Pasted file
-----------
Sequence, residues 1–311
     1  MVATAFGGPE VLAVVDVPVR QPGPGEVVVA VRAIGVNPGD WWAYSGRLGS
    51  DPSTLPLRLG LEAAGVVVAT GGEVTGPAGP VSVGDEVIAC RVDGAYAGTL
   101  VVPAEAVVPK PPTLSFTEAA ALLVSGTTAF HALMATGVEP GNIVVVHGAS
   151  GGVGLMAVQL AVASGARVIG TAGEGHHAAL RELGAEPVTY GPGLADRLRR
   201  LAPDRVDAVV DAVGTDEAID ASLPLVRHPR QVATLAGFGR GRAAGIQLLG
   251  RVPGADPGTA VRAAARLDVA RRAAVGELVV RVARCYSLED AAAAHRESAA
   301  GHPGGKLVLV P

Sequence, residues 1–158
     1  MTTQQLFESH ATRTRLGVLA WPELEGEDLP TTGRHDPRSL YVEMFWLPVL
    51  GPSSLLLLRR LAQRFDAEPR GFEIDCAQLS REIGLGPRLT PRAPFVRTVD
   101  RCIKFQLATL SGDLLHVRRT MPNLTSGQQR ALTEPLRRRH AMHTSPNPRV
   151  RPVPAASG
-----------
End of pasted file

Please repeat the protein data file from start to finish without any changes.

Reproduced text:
Sequence, residues 1–311
     1  MVATAFGGPE VLAVVDVPVR QPGPGEVVVA VRAIGVNPGD WWAYSGRLGS
    51  DPSTLPLRLG LEAAGVVVAT GGEVTGPAGP VSVGDEVIAC RVDGAYAGTL
   101  VVPAEAVVPK PPTLSFTEAA ALLVSGTTAF HALMATGVEP GNIVVVHGAS
   151  GGVGLMAVQL AVASGARVIG TAGEGHHAAL RELGAEPVTY GPGLADRLRR
   201  LAPDRVDAVV DAVGTDEAID ASLPLVRHPR QVATLAGFGR GRAAGIQLLG
   251  RVPGADPGTA VRAAARLDVA RRAAVGELVV RVARCYSLED AAAAHRESAA
   301  GHPGGKLVLV P

Sequence, residues 1–158
     1  MTTQQLFESH ATRTRLGVLA WPELEGEDLP TTGRHDPRSL YVEMFWLPVL
    51  GPSSLLLLRR LAQRFDAEPR GFEIDCAQLS REIGLGPRLT PRAPFVRTVD
   101  RCIKFQLATL SGDLLHVRRT MPNLTSGQQR ALTEPLRRRH AMHTSPNPRV
   151  RPVPAASG